Netflix caps off record year with 200 million subscribers

The Queen’s Gambit

Netflix has surpassed 200 million subscribers globally for the first time in its history.

The streaming giant capped off 2020 with a total of 203.6 million paying users around the world.

The company surged in the first half of 2020 due to the impact of the Covid-19 pandemic, with its performance peaking in Q1 as it added 15.8 million subscribers. Q3 meanwhile was more muted, with a haul of 2.2 million subs – some 300,000 under the company’s guidance. Netflix however returned to form in the final quarter of the year, adding 8.5 million subscribers.

Overall, the company added 37 million paid memberships in 2020, a record growth of 31% for the streamer. This translated to revenues of more than US$24 billion for the year, up 24% year-over-year. Netflix’s operating profit grew by an even larger margin by 76% to US$4.6 billion.

In its shareholder letter, Netflix described itself as “an increasingly global service” with 83% of its annual additions coming from outside of the US and Canada. EMEA accounted for 41% of Netflix’s full year paid net adds, while APAC added an additional 9.3 million subscribers.

The Crown

The company however has warned that 2021 will see more modest growth. It has set a target of 6 million subscriber adds in Q1 2021, while CFO Spencer Neumann said that after that “it’s just so difficult [to predict] in this time” and added that the company would not be providing a full year guide. “It’s hard enough to project the next 90 days, let alone the next 12 months,” he said.

The finance boss attributed the pandemic to much of its 2020 growth, and said that for the industry as a whole “it’s accelerated that big shift from linear to streaming entertainment.”

In spite of this uncertainty on subscriber growth, Netflix execs have told shareholders that it is in a healthy financial position, and that the company no longer has a need to raise external funding for its day-to-day operations.

The overall growth in streaming entertainment, Netflix noted in its letter, “has led legacy competitors like Disney, WarnerMedia and Discovery to compete with us in new ways.” The company said that it has been anticipating such a move, and that it has “been moving so quickly to grow and further strengthen” its library of original content.

This is reflected in success for The Crown, which saw its biggest season to date, and the Shonda Rhimes-helmed Bridgerton which debuted on Christmas day. The company also noted that the George Clooney vehicle The Midnight Sky was its largest original film of the quarter, with a projected 72 million member households expected to watch the title in its first four weeks.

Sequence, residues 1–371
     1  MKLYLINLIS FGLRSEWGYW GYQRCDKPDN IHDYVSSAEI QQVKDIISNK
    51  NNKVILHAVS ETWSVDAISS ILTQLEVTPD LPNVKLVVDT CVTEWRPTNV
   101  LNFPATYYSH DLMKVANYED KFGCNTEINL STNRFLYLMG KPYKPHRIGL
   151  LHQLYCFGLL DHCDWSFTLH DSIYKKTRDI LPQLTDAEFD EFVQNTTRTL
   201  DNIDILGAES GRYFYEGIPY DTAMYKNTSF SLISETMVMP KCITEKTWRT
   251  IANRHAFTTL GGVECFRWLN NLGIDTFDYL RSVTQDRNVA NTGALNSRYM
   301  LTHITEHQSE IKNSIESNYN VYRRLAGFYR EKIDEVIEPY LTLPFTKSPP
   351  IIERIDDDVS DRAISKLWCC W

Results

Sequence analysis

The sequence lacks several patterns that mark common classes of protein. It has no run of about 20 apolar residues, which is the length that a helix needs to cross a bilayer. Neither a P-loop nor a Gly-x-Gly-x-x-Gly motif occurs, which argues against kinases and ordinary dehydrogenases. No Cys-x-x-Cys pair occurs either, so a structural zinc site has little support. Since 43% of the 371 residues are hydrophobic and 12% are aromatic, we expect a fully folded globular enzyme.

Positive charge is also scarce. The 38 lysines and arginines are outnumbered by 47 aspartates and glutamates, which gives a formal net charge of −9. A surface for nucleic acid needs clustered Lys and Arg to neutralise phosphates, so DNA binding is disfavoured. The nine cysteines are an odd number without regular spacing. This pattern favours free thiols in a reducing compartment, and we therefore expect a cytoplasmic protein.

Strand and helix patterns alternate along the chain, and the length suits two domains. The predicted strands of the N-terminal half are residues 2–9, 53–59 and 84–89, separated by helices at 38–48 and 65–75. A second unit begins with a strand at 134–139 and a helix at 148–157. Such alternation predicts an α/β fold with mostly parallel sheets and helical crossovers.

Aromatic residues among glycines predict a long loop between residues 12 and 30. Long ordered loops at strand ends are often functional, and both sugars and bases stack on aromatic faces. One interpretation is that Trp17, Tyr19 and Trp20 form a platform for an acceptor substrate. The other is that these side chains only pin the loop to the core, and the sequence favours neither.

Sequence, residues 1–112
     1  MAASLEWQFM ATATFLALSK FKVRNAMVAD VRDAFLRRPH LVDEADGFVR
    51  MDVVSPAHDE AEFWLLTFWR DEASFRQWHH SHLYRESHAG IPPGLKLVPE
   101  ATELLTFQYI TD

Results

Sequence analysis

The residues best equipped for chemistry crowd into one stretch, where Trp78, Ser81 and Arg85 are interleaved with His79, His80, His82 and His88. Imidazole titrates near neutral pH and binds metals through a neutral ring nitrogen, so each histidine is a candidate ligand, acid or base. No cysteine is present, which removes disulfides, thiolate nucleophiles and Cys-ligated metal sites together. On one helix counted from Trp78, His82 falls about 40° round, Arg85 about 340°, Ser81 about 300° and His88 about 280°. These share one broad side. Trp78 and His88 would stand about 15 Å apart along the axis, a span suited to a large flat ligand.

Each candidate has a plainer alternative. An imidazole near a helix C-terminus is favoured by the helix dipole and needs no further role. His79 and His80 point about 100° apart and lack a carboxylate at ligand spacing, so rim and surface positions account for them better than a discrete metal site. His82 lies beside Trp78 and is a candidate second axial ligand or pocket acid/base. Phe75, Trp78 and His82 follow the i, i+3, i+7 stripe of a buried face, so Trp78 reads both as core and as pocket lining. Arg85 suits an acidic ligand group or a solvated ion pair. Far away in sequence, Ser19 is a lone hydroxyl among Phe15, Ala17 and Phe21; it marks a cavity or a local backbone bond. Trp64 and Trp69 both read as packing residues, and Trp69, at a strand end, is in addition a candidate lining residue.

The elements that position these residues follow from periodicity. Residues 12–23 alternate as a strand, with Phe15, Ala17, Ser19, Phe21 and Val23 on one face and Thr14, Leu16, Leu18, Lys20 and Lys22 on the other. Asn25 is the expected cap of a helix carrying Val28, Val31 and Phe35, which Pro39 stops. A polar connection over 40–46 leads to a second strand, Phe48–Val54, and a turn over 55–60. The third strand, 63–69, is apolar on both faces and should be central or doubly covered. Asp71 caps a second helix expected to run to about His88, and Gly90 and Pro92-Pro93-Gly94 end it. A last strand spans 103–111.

Netflix also touted the success of its shows throughout the year including Tiger King and The Queen’s Gambit. The latter became Netflix’s biggest ever limited series with 62 million member households watching it in its first 28 days, and was the source of a revitalisation of chess board sales. Netflix said that its original series accounted for nine out of the 10 most searched shows globally in 2020.

Looking ahead, Netflix made waves last week when it released its star-studded 2021 film preview video. The preview, which currently has just under 14 million views on YouTube, showcases the array of big-budget films set for release in 2021, with Netflix promising to release at least one new original movie in every week of the year.

On this marketable slogan, co-CEO Ted Sarandos said that “it’s likely more than 70” films with “plenty of room to grow that.”

Sarandos, who was promoted last year, said that the company is scaling up its productions by “more than double every year… in the scope of the projects, the ambition of the projects and the execution of the projects.”

Netflix will hope that these originals will justify price increases (which BBC News journalist Daniel Stanford pointed out makes it more expensive than a TV licence in the UK), particularly as it loses key titles like Friends and The Office in the US and competitors such as Disney+ ramp up their own originals.

The company however is confident in its method, concluding its investors note: “Our strategy is simple: if we can continue to improve Netflix every day to better delight our members,we can be their first choice for streaming entertainment. This past year is a testament to this approach.”

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